Looper is a melancholy movie, partly because time travel itself is often a melancholy proposition — a fantasy about changing what can’t be changed, reclaiming what can’t be recovered, retreating into a past that’s gone, or maybe retreating into a psychotic fantasy of the past in order to escape the pain of the present. (That was the secret subtext of many a Twilight Zone.) Johnson, at any rate, takes us into a world of bloody violence that resembles a lot of the movies a lot of us see, and he tells a sometimes familiar but twisted tale that plays with the idea of the violent, over-mechanized, undesirable  futures in those movies. (There are hints of The Terminator all the way through.) Then he turns the movie into something else, stranger and more human and more sad.

It’s sometimes crazily convoluted, and Steve Yedlin’s cinematography is sometimes a little too insistently misty and bleak. But it’s fun, and finally, it‘s moving. Many of the current action movies have gotten so trigger-happy, trying to cover up their clichés with near constant gunfire, carnage and cuss words, that a movie like Looper, which requires a little more attention and thought, may strike some aficionados as too dense and unnecessarily complicated a story — which is why I suggested seeing it twice. (In the good old days, you could sit through a movie twice any time you wanted to, and many did, and some movie-watchers saw them over and over, all day long.)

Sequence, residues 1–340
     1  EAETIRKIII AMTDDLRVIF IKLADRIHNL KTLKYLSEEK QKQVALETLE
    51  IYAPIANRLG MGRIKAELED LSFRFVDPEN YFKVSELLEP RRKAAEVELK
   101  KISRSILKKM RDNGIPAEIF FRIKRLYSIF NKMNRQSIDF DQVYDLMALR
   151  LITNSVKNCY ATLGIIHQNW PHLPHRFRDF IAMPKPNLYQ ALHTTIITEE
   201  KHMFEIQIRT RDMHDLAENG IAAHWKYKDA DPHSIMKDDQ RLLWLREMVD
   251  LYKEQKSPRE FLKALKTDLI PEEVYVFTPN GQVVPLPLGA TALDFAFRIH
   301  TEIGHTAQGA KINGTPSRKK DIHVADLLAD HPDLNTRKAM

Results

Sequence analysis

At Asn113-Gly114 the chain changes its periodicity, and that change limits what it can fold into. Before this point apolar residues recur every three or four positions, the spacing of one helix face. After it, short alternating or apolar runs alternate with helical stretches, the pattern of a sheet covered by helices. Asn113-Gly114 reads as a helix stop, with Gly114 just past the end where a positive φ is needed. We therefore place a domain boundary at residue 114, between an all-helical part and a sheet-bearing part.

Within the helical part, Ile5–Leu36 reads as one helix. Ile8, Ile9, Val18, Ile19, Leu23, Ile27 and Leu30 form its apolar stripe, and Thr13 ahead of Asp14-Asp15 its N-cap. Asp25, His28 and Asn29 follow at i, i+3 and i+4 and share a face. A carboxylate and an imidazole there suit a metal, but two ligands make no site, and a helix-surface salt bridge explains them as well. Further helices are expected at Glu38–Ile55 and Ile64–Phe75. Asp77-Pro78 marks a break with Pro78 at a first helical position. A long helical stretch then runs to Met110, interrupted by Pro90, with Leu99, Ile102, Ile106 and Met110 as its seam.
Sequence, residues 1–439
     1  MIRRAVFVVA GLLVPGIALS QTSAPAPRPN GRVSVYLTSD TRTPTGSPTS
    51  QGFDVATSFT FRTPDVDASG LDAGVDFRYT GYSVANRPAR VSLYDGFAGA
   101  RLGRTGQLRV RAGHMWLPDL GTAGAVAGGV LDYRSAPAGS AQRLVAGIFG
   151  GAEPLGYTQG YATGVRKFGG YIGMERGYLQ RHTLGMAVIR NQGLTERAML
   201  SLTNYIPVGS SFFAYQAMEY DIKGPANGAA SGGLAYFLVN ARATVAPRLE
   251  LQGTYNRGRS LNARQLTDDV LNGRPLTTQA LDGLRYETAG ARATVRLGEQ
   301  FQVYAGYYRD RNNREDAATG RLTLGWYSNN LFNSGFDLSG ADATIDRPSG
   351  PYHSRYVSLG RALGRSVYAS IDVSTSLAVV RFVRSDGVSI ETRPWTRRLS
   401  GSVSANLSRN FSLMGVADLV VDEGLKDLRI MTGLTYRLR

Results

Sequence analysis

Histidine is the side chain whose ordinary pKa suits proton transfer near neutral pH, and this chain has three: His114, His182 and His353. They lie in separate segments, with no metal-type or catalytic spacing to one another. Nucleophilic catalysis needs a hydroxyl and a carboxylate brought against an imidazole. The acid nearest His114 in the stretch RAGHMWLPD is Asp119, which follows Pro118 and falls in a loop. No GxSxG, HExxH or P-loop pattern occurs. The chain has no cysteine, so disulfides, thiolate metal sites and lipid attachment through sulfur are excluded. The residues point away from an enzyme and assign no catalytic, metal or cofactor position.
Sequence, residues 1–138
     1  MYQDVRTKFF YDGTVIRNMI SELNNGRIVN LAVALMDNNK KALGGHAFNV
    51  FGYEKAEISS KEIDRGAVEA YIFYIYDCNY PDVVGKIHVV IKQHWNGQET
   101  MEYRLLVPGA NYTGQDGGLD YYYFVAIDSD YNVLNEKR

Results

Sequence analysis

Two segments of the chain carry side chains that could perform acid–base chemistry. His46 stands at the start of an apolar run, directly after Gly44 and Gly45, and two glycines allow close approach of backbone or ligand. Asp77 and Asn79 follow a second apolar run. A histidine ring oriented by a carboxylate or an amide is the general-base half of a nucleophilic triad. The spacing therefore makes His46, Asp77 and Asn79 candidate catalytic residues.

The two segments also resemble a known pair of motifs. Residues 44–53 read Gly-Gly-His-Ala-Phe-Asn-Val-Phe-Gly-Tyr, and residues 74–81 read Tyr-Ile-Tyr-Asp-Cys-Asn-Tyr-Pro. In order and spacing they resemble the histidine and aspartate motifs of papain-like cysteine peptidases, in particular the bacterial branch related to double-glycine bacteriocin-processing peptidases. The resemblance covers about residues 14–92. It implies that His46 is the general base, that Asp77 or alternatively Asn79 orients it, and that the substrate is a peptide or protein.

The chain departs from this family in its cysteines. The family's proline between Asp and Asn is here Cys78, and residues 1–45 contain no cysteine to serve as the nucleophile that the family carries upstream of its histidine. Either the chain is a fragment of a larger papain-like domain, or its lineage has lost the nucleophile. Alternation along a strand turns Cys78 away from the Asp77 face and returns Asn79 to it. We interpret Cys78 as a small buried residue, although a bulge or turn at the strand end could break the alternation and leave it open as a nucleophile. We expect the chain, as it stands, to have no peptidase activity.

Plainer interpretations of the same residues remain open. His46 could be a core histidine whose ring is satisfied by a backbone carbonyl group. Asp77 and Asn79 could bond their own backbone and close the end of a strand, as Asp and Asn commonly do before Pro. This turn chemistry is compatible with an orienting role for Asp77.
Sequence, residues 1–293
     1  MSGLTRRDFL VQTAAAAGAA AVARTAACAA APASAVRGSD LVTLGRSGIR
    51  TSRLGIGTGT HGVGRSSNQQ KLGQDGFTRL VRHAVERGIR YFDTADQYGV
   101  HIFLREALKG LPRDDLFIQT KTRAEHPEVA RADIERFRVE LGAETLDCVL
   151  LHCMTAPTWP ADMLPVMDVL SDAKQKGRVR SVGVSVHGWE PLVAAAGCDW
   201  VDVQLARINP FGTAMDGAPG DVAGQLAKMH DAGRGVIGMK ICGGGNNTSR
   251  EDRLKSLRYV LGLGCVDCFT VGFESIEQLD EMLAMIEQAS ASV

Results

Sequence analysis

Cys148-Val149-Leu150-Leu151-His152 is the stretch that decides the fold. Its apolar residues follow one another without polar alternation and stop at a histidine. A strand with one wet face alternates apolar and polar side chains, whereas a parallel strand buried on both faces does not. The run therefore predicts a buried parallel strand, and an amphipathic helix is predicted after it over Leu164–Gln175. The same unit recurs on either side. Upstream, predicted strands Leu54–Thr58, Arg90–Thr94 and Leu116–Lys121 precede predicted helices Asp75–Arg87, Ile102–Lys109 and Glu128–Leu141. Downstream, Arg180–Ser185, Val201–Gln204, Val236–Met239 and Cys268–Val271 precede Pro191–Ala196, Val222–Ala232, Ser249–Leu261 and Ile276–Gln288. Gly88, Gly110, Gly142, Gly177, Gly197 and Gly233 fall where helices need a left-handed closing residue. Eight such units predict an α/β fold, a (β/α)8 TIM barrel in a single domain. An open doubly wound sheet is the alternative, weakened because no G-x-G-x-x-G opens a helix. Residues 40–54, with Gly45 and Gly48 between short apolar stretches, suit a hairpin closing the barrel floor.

Viewed as a typical picture, which of course it isn’t, Looper does sometimes seem a little tortuous and over-packed, especially since some characters occupy different time-strings, or alternate universes, which are sometimes destroyed if somebody is killed. (Remember that.) As  a twice-told tale though, it works much better — and it might also have helped if there was even more narration by Gordon-Levitt as Young Joe. But then, nobody ever claimed that life, much less a movie, much less a time-travel movie, were always supposed to be easily comprehensible. On the contrary, life is a riddle, and so is Looper.

Special Features: Commentary with Johnson, Gordon-Levitt and Blunt; “Making of” documentary; Deleted scenes; Featurettes; Trailer.


COSMOPOLIS (Three Stars)

U. S.: David Cronenberg, 2012